JANUARY 1, 2017.


Today, in the Church’s calendar, the peoples of the world are reminded of an oft foot-noted aspect of human existence, which, if paid more than a passing attention to, has the potentialities of turning the burning world into an elixir. That aspect is Peace or lack of it. The obverse of peace is not necessarily violence but lack of justice. It is injustice that obviates peace and enthrones actions and activities that produce debilitating conditions, the end of which is cataclysm.

Today in his message, Nonviolence: A style of politics for peace, for the 50th World Day of Peace, celebrated each year on 1 January, Pope Francis urges people everywhere to practice active nonviolence and notes that the “decisive and consistent practice of nonviolence has produced impressive results.” The Justice, Development and Peace Centre is heartened by and deeply grateful for the call made by the Holy Father to political and religious leaders, heads of international organizations, and business and media executives to “apply the Beatitudes in the exercise of their respective responsibilities. It is a challenge to build up society, communities and businesses by acting as peacemakers. It is to show mercy by refusing to discard people, harm the environment, or seek to win at any cost. …To act in this way means to choose solidarity as a way of making history and building friendship in society. Active nonviolence is a way of showing that unity is truly more powerful and more fruitful than conflict.”

Clearly, the Word of God, the witness of Jesus, should never be used to justify violence, injustice or war. We confess that the people of God have betrayed this central message of the Gospel many times, participating in wars, persecution, oppression, exploitation, and discrimination.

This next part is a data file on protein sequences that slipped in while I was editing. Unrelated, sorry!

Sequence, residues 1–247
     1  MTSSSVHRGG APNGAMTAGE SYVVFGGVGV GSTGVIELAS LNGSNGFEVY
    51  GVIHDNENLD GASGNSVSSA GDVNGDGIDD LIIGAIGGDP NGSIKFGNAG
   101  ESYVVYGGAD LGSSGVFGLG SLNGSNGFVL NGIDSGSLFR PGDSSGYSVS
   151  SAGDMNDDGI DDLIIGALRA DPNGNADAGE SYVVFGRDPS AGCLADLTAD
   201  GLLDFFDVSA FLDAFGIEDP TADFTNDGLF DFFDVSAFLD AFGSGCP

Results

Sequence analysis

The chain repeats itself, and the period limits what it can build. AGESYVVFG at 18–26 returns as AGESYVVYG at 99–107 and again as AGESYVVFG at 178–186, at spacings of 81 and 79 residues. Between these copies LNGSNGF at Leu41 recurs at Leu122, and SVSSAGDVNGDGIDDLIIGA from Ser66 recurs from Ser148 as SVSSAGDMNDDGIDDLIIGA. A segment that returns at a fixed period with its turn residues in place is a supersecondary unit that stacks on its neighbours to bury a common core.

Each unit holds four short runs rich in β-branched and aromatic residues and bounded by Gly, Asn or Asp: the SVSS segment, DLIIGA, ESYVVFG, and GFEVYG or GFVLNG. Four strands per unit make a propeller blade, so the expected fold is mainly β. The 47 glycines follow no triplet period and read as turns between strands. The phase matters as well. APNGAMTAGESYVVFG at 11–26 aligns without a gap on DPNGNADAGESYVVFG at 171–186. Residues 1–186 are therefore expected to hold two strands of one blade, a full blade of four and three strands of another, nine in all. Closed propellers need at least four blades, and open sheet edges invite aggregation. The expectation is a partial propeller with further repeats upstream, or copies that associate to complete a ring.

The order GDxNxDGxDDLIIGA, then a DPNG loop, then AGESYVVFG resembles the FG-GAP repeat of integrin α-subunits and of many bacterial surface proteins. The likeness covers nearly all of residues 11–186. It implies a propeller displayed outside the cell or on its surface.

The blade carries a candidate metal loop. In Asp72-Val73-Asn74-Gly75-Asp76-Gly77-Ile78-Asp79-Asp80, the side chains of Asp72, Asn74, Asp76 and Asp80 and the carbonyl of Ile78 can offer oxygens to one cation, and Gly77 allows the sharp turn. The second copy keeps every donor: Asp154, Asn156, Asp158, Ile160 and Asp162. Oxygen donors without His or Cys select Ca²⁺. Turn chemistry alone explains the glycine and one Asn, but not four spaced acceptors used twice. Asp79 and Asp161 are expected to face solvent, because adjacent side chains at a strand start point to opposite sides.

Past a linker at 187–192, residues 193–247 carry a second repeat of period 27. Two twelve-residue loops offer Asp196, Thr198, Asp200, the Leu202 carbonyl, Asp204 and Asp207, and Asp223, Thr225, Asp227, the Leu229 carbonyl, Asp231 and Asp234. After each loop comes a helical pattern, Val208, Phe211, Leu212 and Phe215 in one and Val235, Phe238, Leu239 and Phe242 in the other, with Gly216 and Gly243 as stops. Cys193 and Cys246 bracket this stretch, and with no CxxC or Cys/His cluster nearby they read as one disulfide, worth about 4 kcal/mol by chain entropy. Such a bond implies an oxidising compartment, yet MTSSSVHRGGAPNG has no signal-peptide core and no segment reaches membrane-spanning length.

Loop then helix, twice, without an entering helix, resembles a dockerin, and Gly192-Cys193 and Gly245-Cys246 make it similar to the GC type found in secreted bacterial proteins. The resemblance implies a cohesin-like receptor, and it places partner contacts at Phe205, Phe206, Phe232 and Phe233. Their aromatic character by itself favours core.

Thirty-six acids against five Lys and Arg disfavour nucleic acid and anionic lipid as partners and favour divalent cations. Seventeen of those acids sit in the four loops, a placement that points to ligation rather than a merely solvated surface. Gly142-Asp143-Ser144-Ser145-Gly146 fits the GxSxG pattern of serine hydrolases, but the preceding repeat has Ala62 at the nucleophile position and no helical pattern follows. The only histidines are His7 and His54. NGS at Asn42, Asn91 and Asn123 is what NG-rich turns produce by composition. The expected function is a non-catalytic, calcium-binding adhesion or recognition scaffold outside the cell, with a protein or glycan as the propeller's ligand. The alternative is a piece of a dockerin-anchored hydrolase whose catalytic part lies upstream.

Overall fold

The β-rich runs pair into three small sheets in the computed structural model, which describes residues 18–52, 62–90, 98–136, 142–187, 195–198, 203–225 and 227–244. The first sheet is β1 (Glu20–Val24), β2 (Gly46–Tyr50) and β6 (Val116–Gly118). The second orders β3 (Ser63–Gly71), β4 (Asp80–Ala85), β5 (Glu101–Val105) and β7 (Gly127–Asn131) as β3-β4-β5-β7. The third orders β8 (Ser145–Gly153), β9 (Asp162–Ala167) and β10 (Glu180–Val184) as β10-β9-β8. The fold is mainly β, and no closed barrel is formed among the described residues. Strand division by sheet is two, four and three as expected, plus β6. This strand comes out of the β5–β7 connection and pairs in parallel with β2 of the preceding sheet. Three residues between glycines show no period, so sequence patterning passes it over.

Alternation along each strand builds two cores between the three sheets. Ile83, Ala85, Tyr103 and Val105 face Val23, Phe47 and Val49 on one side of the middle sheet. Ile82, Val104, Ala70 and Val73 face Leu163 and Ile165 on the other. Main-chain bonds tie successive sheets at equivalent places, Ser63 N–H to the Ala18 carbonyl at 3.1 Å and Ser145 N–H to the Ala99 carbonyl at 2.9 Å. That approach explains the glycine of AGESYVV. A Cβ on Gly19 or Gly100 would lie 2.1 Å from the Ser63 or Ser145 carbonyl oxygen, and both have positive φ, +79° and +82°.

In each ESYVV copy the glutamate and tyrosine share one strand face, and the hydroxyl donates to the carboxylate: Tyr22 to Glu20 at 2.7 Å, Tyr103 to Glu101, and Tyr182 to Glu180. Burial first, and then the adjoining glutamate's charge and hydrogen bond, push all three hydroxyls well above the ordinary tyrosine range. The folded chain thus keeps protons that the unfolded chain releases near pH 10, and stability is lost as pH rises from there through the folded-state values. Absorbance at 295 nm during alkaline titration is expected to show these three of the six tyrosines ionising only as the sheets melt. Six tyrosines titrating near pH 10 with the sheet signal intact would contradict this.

If anybody thinks that the end of the last World War heralds peace, the current acts of violence will surely change the views of such optimists because the world is now engaged in an undeclared war or as Pope Francis coined it, most aptly “horrifying world war fought piecemeal”. The leaders of the world seem not to take seriously the admonition of St Francis of Assisi who insisted that as “you announce peace with your mouth, make sure you have greater peace in your hearts”. That is exactly where the problem lies. Often, on many occasions, the leaders of the world (political, civil and religious) behave as ostrich by sending out sweet, mellifluous messages of peace even when they and their cronies surreptitiously do everything within their powers to undermine the same peace by their actions and inactions. To all peoples of the world, Pope Francis, in his October 2016 speech to Muslim Sheikhs reminds all that non-violence is not coterminous with passivity or surrender but engaging in proactive actions and that “the name of God cannot be used to justify violence”.

Unfortunately today, it is extremely difficult to spot any part of globe that is tranquil. The present spate of bellicosity manifests in many ways: kidnapping, religious bigotry, terrorism, hate rhetoric, trafficking in persons, oppression and repression of the minorities and the underprivileged, sex abuse, electoral violence, etc. All these result in involuntary movement of and displacement of persons with all the attendant negatives. Worse still, those who ignite such despicable fire are daily stoking it up.

In our dear country Nigeria, since the military rule, the situation can be described as Trojan fuit (Troy was, Troy is no more). Owing to the fact that the elites find it profitable and convenient to use the hungry masses as instruments for their political and economic ends, the peoples of the once-tranquil Country are now moving centrifugally, such that many decades after independence, the nation is in dire search of a common nationhood and this results in suspicion and many declared and undeclared wars in the following areas: difficulty in recruiting leaders through normal democratic process; war of attrition amongst component nations; the rise of a strange phenomenon called Boko Haram; hoofed or herdsmen invaders; sex slavery and trafficking in persons; hunger and destitution; the cornering of the common patrimony and the res publica of the federation by few oligarchs and their cronies; hopelessness and helplessness; vandalization, hijacking, kidnapping and a general war against fellow citizens and aliens.